The art and science of good judgment is seldom more needed than when a junior engineer is searching for their first job. The best approach to take is to think of this as a forecasting problem and gather up broad market data and specific job information, integrating the two in order to determine what you should expect. In this article, we will go through a few questions that most job applicants ask, to help you on your journey toward employment.
How many jobs should you apply for?
Luck is a function of volume of effort and the appropriateness of strategy. Ty Cobb has the greatest batting average of any baseball player ever, Yet at .3662, his batting average implies that he “failed” about 63% of the time. You have to be comfortable with “failure”. Your job is to get out as many applications as possible and employ the correct strategy to raise your odds of landing that first job. How many jobs you can apply to depends on your field of expertise. You want to go after jobs that are within your circle of competence, and broaden the volume of effort that you can make by going for jobs across the country, and even abroad. For instance, if you are a hardware engineer, there may not be many jobs available in Reno, but if you apply for jobs across the country, that number jumps up dramatically.
Three factors limit how many jobs you can apply to: the kinds of firms that you want to apply to; the narrowness/broadness of your circle of competence; and whether or not you will need to get a visa or some other such clearance in order to move to your job location.
What Kind of Companies Should You Apply to?
This question is not the same as, “What kind of companies do you want to work for?”. This is a pragmatic question of probabilities. You want to do everything you can to tilt the odds in your favor. You may find that career success begins with a job in investment casting rather than in Big Tech and that is an option you might end up considering once you begin your job search.
Generally, your best odds of landing a job with no work experience lie with early-stage companies. An example of this is this little nugget of data: small companies with 1 to 10 employees are responsible for hiring over half of the engineers with no work experience. The downsides of working for such a firm are clear: it may not be financially robust enough or favorably placed within the competitive landscape, to survive long; it may not have the experienced hands needed to mentor you, and it may not be able to provide you with a living wage. The potential rewards are high: often early-stage companies compensate for their inability to offer competitive salaries by offering stock options and other such compensation schemes that link your pay to the company’s fortunes. If the company does well, you can make a lot of money. Remember that the job search process is not just a question of getting someone to hire you: it’s also about vetting businesses to find the ones that meet your needs.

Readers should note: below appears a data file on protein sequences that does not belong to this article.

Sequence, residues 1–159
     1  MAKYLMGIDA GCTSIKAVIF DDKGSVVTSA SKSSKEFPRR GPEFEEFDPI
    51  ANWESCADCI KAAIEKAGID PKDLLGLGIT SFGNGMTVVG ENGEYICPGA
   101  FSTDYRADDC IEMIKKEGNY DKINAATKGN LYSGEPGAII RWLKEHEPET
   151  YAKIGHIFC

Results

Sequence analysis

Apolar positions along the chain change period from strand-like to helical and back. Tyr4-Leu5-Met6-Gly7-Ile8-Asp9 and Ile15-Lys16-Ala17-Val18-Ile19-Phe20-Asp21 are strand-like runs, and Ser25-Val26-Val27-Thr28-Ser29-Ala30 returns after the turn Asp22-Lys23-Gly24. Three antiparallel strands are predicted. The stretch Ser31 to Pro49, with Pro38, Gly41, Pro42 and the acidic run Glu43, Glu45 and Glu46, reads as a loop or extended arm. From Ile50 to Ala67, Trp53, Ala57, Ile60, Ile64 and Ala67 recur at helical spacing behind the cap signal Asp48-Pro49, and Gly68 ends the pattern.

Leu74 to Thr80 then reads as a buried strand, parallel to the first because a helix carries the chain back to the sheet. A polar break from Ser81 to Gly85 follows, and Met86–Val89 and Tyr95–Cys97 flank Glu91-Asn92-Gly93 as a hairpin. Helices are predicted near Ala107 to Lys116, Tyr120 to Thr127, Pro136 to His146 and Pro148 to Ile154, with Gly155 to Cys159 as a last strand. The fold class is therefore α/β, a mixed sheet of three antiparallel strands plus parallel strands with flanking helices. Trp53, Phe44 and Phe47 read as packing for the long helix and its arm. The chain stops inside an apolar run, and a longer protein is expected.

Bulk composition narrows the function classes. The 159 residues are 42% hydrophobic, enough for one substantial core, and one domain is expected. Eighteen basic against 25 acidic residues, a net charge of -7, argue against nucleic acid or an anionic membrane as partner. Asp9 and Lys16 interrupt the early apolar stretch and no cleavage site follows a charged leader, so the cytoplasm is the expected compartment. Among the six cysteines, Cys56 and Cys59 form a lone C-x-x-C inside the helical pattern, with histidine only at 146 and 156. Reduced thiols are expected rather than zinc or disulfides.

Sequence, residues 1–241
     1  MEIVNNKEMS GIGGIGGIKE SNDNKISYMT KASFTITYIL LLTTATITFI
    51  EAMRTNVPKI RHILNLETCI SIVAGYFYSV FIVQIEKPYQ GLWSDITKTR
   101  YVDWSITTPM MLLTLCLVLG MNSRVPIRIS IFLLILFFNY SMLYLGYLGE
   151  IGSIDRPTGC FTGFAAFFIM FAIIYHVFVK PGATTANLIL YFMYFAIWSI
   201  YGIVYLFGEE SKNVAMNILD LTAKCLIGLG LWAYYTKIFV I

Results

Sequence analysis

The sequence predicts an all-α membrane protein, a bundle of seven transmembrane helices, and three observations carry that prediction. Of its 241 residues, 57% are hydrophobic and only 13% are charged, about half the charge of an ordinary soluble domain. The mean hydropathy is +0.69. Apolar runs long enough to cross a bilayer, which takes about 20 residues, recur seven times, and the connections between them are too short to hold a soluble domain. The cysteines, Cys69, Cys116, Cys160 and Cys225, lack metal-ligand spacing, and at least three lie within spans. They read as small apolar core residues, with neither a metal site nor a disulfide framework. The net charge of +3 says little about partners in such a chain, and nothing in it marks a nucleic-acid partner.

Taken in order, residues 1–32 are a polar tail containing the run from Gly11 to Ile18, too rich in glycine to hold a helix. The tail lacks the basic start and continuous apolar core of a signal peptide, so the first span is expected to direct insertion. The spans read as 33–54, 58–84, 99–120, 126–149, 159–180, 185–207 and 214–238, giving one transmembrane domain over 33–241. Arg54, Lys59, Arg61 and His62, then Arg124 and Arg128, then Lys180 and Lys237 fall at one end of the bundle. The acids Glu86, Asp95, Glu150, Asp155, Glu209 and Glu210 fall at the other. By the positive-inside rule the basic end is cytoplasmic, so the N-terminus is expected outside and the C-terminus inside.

Should You Apply to Jobs You’re Not Qualified For?
You have to separate job criteria and job qualifications. For instance, a company may advertise a job that requires two years of experience. What the company really means is that they are looking for someone who is as proficient as someone would be with two years of experience. In other words, if you have no experience but can perform at the level of someone with two years of experience, then feel free to apply. Companies are not mindlessly looking to tick a box, they are looking for people with specific skills, with a definite circle of competence, and if you have those skills, then you can look past your failure to meet their criteria.
If, however, you lack the skills that a company is looking for, which is to say you are not qualified to do the job, then you will simply be wasting your time. Remember, you have to have an optimistically high volume of effort combined with the right strategy. This is the essence of luck.
How Much Should I Expect to Make?
This is especially important to consider because many companies opt to ask candidates how much they expect to make, rather than presenting the candidate with an offer. The question is composed of two parts. The first part relates to the average salary of a junior-level engineer. The average annual salary of a junior engineer is $58,791. This gives you a base rate that you can refine. Let’s say you are a junior software engineer. Depending on the source you consult, a junior software engineer makes $62,089 or as high as $78,810. Let’s take $62,089 as our national average. At this point, you get even more granular and look at state and even municipal averages. That gives you your base rate for what you should expect. At this point, you can then integrate this knowledge with your understanding of the company’s financial and competitive position.
There is a great myth that junior-level engineers earn upwards of $200,000. Yet, very few junior-level positions breach $100,000 at the national level. It’s important to ground your expectations in base rates. You may be lucky enough to get a job with a big tech company and earn much more than the national average, but as an engineer, you are obliged to think in terms of probabilities rather than miracles. There are only so many positions open in Big Tech.